Патент USA US3058807код для вставки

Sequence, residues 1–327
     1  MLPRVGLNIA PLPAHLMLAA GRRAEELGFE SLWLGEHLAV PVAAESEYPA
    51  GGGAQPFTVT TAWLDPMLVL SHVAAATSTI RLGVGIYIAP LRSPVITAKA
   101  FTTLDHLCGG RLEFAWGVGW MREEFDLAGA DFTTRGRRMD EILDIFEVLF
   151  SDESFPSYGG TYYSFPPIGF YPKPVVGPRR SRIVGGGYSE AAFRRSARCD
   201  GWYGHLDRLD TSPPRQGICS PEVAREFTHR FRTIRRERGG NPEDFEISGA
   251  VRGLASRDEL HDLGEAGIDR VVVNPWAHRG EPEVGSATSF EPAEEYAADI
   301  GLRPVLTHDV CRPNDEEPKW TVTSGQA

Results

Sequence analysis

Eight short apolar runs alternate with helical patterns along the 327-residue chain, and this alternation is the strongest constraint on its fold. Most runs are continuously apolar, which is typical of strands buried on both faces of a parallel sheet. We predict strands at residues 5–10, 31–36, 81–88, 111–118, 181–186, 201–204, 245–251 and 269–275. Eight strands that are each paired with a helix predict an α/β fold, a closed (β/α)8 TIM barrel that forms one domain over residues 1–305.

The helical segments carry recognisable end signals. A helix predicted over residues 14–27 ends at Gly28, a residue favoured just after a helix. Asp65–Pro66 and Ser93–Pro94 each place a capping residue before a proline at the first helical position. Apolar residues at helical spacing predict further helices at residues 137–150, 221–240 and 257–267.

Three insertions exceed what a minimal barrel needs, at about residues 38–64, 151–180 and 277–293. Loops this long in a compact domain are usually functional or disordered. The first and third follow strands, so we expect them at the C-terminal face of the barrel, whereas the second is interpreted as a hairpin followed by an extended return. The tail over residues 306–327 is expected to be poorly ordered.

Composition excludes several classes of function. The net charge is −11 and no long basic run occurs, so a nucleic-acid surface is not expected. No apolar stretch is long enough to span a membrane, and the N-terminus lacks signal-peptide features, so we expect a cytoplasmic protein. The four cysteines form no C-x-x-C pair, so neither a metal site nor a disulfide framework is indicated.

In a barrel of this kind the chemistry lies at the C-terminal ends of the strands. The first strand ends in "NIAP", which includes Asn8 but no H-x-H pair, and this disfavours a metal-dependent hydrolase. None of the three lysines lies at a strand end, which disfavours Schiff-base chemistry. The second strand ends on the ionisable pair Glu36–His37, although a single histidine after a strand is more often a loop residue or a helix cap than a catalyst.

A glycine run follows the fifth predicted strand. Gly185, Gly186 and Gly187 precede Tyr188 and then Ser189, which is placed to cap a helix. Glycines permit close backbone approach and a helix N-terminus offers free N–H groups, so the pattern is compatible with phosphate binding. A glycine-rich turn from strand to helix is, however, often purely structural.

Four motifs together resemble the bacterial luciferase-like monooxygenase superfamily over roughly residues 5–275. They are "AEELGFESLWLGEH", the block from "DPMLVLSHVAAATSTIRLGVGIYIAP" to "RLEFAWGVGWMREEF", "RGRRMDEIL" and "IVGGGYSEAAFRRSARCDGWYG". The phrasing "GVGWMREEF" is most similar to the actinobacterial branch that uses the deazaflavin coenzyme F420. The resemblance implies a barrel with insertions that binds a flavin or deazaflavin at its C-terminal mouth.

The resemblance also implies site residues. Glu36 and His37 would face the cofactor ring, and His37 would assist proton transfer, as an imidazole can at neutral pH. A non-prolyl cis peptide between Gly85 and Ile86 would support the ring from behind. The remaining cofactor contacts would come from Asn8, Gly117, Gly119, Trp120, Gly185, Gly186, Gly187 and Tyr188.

states atent G?fice 2 1 No. 40, page 295 (1907)). However, it could not be 3,058,797 be foreseen that the compound, which had been de PRGCESS FGR TEE MANUFACTURE 0F FAST BLACK DYEENGS scribed as being liable to rapid decomposition, 1s ab sorbed by the synthetic plastics cited with such a ra pidity that its decomposition is prevented and that 1t Hehnut Gies, Hofheim (TBEHHS), and Wilhelm Happe, Schwaihach (Taunus), Germany, assignors to Farb werite Hoechst Aittiengeseilschaft vormals Meister can react in the ?ber with the aforementioned devel oping agents to yield an ungreenable black. _ The following examples serve to illustrate the mven tion, but they are not intended to limit it thereto: Lucius Sr Briining, Frankfurt am Main, Germany, a cerpsration of Germany No Drawing. Filed flan. 21, 1960, Ser. No. 3,715 Claims priority, application Germany Jan. 23, 1959 2 Claims. (Cl. 8—1) 3,058,797 Patented Oct. 16, 1962 10 Example 1 5 grams of a fabric of polyethylene glycol tereph The present invention relates to a process for the thalate are treated in a goods-to-liquor ratio of 1:40 with manufacture of fast black dyeings. a suspension of 0.25 gram of quinone-anil-N-chlorimide It was found that fast black dyeings can be produced in 200 cc. of water for 10 minutes at 100° C. The on native protein ?bers, such as wool and silk, on shaped 15 fabric which has been dyed a deep orange is rinsed and structures, such as ?bers and sheets, of polyvinylchlo ‘treated with a suspension of 0.25 gram of 4-amino-di ride, polyethylene, polypropylene, polyamides, polyure phenylamine in 200 cc. of water for 15 minutes at 100° thanes, cellulose esters or linear polyesters, especially C. A beautiful black dyeing with a violet hue devel polyethylene terephthalates, or on any mixtures of native having a good stability to light and thermo?xation. protein ?bers and ?brous materials consisting of poly 20 ops The dye liquor remains limpid and the apparatus is amides, polyurethanes, cellulose esters and linear poly not soiled. The fastness to rubbing can still be im esters, especially polyethylene terephthalates, when a proved by an after-treatment with a solution of sulphuric quinone-anil-N-halogen imide of the general formula bichromate. 25 in which the nuclei A and B may be substituted by alkyl groups, alkoxy groups or halogen atoms and X gen atoms, such as, for example, quinone-4-methylanil N - chlorimide, quinone - 4 - methoxyanil - N - chlorimide', 2 - methoxyquinone - anil - 1 - N - chlorimide or quinone represents a chlorine or bromine atom, is reacted on said ?bers, shaped structures or mixtures thereof with compounds containing a reactive hydrogen atom. As compounds containing a reactive hydrogen atom 4-chloranil~N-chlorimide. Example 2 5 grams of a fabric of polyethylene glycol terephthalate there may be mentioned, for example, aniline, dimeth ylaniline, paranitraniline, benzidine, l-naphthylamine, 4-aminodiphenylamine, Z-aminoanthraquinone, phenol, resorcinol, Z-hydroxynaphthalene, phenylmethylpyrazo are treated in a goods-to-liquor ratio of 1:40 with a sus pension of 0.25 gram of 4-amino-diphenylamine in 200 cc. of water at a pH of 7 to 8 with the addition of a small quantity of sodium dithionite as a stabilizer for 15 min utes at a temperature of 100° C. Then the fabric which lone, aceto-acetic acid anilide, benzoic acid, acetic acid or sulfuric acid. When dyeing native protein ?bers and shaped struc tures of polyvinyl chloride, polyethylene, polypropyl 40 has been dyed a weak yellow is rinsed and treated with a suspension of 025 gram of quinone-anil-N-bromimide ene, cellulose esters or linear polyesters it is immaterial whether there is ?rst absorbed by the ?ber the N-halogen imide or the compound with the reactive hydrogen atom. However, when dyeing shaped structures of poly amides or polyurethanes, as well as the mixtures of ? Instead of the quinone-aniLN-chlorimide, there may also be used its derivatives substituted at the quinoid or benzoid nucleus by alkyl groups, alkoxy groups or halo in 200 cc. of Water for 10 minutes at 100° C. A black dyeing is obtained having a very good fastness to light and sublimation. The fastness to rubbing can be im 45 proved by an after-treatment with a solution of sulfuric hers and ?brous materials already mentioned, it is ad vantageous to apply the compounds with the reactive , hydrogen atom ?rst on the substratum to be dyed and ‘ subsequently to develop the dyeing with a quinone-anil bichromate. Example 3 5 grams of a fabric of polyethylene glycol terephthalate are treated in a goods-to-liquor ratio of 1:40 with a sus N-halogen imide of said general formula. The quinone 50 pension of 0.375 gram of quinone-anil-N-chlorimide in anil-N-halogen imide is suitably applied from an aque 200 cc. of water for 10 minutes at 100° C.; then the ous suspension to ‘the ?ber or sheet at temperatures quinone-anil-N-chlorimide still present in the liquor is ranging from about 50° to 100° C. It should be avoid reduced to 4-aminodiphenylamine by adding 0.75 gram ed that the N-halogen imide acts for too long a period of sodium dithionite in a solution alkaline with soda. A on the ?ber or sheet since the N-halogen imides polym 65 beautiful black dyeing having a good fastness to light, erize slowly in an aqueous suspension which causes rubbing and sublimation develops on the fabric within dyeings of a poor fastness to rubbing and a contamina a short period. tion of the dyeing apparatus. For the preparation of the aqueous suspensions, there is suitably used a granular product produced by melt 60 ing together 35 parts by weight of quinone-anil-N-halo gen imide with 65 parts by weight of a condensation product of tributylphenol and ethylene oxide. When boiling said granular product with a little water, there is obtained a pseudo solution of the quinone-anil-N-halo Example 4 5 grams of a low-pressure polyethylene sheet are treat ed at 90° C. with a suspension of 0.25 gram of quinone anil—N-chlorimide in 200 cc. of water for 10 minutes. The sheet is rinsed and developed with a suspension of 0.25 gram of 4-arninodiphenylamine in 200 cc. of water for 5 minutes at 90° C. An entirely non-transparent gen irnide which, when poured into the liquor, produces an extremely ?ne dispersion. It has long been known that quinone-anil-N-chlor sheet is obtained having a deep black shade. imide can be converted by the action of hydrochloric ‘ acid or hydrochloride of aniline in an aqueous solution 5 grams of a fabric of polyvinylchloride are treated at 60° C. in a goods-to-liquor ratio of 1:40 with a sus into emeraldine (dimerized N-phenyl-quinone-di-irnine) (“Berichte der Deutschen Chemischen Gesellschaft,” cc. of water. Example 5 pension of 0.5 gram of quinone-anil-N-chlorimide in 200 After 5 minutes the quinone-anil-N-chlor 8,058,797 3 imide that has not yet been absorbed is reduced to 4 aminodiphenylamine by adding a solution of 1 gram of sodium dithionite alkaline with soda. In the course of washed in a washing solution, containing per liter of water 4 grams of concentrated sulfuric acid and about 2 grams of a non-ionic washing agent (polyglycol ether). A dyeing fast to light and washing is obtained. 10 minutes, a beautiful, somewhat greenish black dyeing develops having a'gocd'fastness' to rubbing and to light. Example 6 The shade of the black dyeing obtained is even fuller when, together with the ortho phenyl-phenol, there is applied 0.9 to 1.2 grams of a black 1:2 complex metal In a cheese dyeing machine 300 grams of a yarn of dyestulf, for example the mixed chromium complex com pound of the azo dyestuffs 1-amino-2-hydroxy-6-nitro polyethylene glycol terephthalate are treated at 100° C. for 15 minutes with a suspension of 21 grams of quinone 10 napthalene - 4 - sulfonic acid->2 - hydroxy - naphthalene anil-N-chlorimide in 12 liters of water. The suspension and 1 - amino - 2 - hydroxy - 3,5 - dinitrobenzene+2 - hy is obtained by boiling 60 grams of a fused mass consist droxy-naphthalene according to French Patent No. 1,101, ing of 35 parts of quinone-anil-N-chlorimide and 65 parts 955, and the pH value is gradually adjusted to about 6‘ in of a condensation product consisting of 1 mol of tribu the course of said treatment at 100° C. tylphenol and 100 mols of ethylene oxide in 1 liter of 15 Example 10 water and pouring the hot pseudo solution into 11 liters 30 grams of a fabric of polyamide ?bers are treated, in a goods-to-liquor ratio of 1:30, with an emulsion of of a 2 N-solution of sodium carbonate, are added and the 1.5 grams of ortho-phenyl-phenol for 30 minutes at 100° whole is boiled for another 5 minutes. A deep black dye 20 C. in a closed winch vat. The fabric is rinsed well’ at ing is obtained having a good fastness to rubbing, light and about 80° C. and then treated in a fresh liquor with a of water. i ' ' Then 45 grams of sodium dithionite, dissolved in 1 liter sublimation. The dyeing can, if necessary, still be toned with commercial dispersion dyestulfs. The quinone-anil N-chlorimide can also be applied in the dyeliquor to gether with a commercial dispersion dyestutf. Example 7 suspension of 2.2 grams of quinone-anil-N-chlorimide for 15 minutes at 100° C. The fabric is rinsed twice at 80° C. and ?nally washed in a bath containing per liter 25 of water 2 grams of a non-ionic washing agent (polygly col ether). A black dyeing of a good fastness to light and washing is obtained. When the ortho-phenyl-phenol is replaced by an aro matic amine, for example para-phenylene-diamine, there 5 grams of cellulose triacetate are dyed as follows: The carefully washed material is brought at 50° C. into a bath containing 0.05 gram of sodium carbonate, 0.15 30 is likewise obtained a fast black dyeing of a somewhat gram of a condensation product consisting of 1 mol of brownish shade. ricinoleic acid and 35 mols of ethylene oxide as a dis Example 11 persion agent and 0.25 gram of quinone-anil-N-chlor 30 grams of a woolen fabric are treated in a goods imide in 200 cc. of water. While turning the material to be dyed carefully, the temperature is raised within 35 to-liquor ratio of 1:30 with an aqueous suspension of 2.2 grams of quinone-anil-N-chlorimide in a closed winch vat half an hour to about 98° C. and the material is dyed for 7 minutes at 98° C. An aqueous solution consisting of 2.5 grams of sodium carbonate and 1 gram of sodium dithionite is added to the liquor and the material is treat ed for another 15 minutes at 98° C. Then the material is after-treated for 15 minutes at 98° C. in a goods-to liquor ratio of 1:40 in a fresh liquor containing per liter 100 grams of potassium bichromate, 100 grams of a sul furic acid of 60° Bé. and 0.1 gram of a non-ionic wash ing agent. Then the material is rinsed in the cold. at 100° C. for 15 minutes. Then 1 gram of tartaric acid diethyl ester is added and the fabric dyed for another 30 minutes at 100° C. A black dyeing of a deep shade is obtained which, after having twice been rinsed and washed in a hot liquor containing per liter of water 2 grams of a non-ionic washing agent (polyglycol ether) and 4 grams of concentrated sulfuric acid, possesses a good fastness to rubbing and to light. We claim: The black dyeing obtained is distinguished by very good fastness properties. The fastness to rubbing is also very good. , on shaped structures consisting of a material selected from the group consisting of native protein, polyvinyl 7 Example 8 100 grams of a fabric of staple ?bers of polyethylene glycol terephthalate are dyed in three passages on the padding machine the color box of which contains 100 - 1. A process for the manufacture of fast black dyeings chloride, polyethylene, polypropylene, polyamides, poly 50 urethanes, acetyl cellulose and polyethylene terephthal ates, and of any mixtures of ?bres consisting of a material selected from the group consisting of native. protein, poly amides, polyurethanes, acetyl cellulose and polyethylene terephthalates, which comprises reacting a quinone-anil grams of quinone-anil-N-chloramide, 100 grams of a con densation product of 1 mol of tributylphenol and 100 mols 55 N-halogen imide of the general formula of ethylene oxide, 300 grams of cellulose methylether and 500 grams of water. The fabric is dried, then thermo ?xed for about 30 seconds at 200° C. and treated in a wherein the nuclei A and B may be substituted by a and 20 grams of sodium dithionite in 4 liters of water. 60 member selected from the group consisting of alkyl, alkoxy and halogen, and X represents a member selected A deep black dyeing is obtained which can, if necessary, from the group consisting of chlorine and bromine, on said be after-treated by oxidation according to Example 1 in shaped structures and mixtures of ?bres at a temperature order to improve the fastness to rubbing. in the range from about 50° C. to about 100° C. with a reducing bath containing 50 grams'of sodium carbonate Example 9 65 compound containing a reactive hydrogen atom, said compound being selected from the group consisting of 30 grams of a mixed fabric consisting ofr45 parts by aniline, dimethylaniline, nitraniline, benzidine, naphthyl weight of wool and 55 parts by weight of polyethylene amine, aminodiphenylamine, aminoanthraquinone, phe glycol terephthalate are treated in a 'goods-to-liquor. ratio nol, resorcinol, hydroxynaphthalene, phenylmethylpyrazo of 1:30 with an aqueous emulsion of 1.5 grams of ortho phenyl-phenol in a closed winch vat for 30 minutes at 70 lone, aceto-acetic acid anilide, benzoic acid, acetic acid and sulfuric acid.‘ ' ' 100° C. The fabric is rinsed well at about 80° C. and 2. A process as claimed in claim 1, wherein the mate-' then treated in a fresh liquor having a pH of about 8 with rial dyed is a blend of wool‘ and polyethylene terephthal an aqueous suspension of 2.2 grams of quinone-anil-N ate ?bres. chlorimide for 15 minutes at 100° C. Then the material is rinsed twice at 80° C. and once at 20° C. and ?nally 75 No references cited.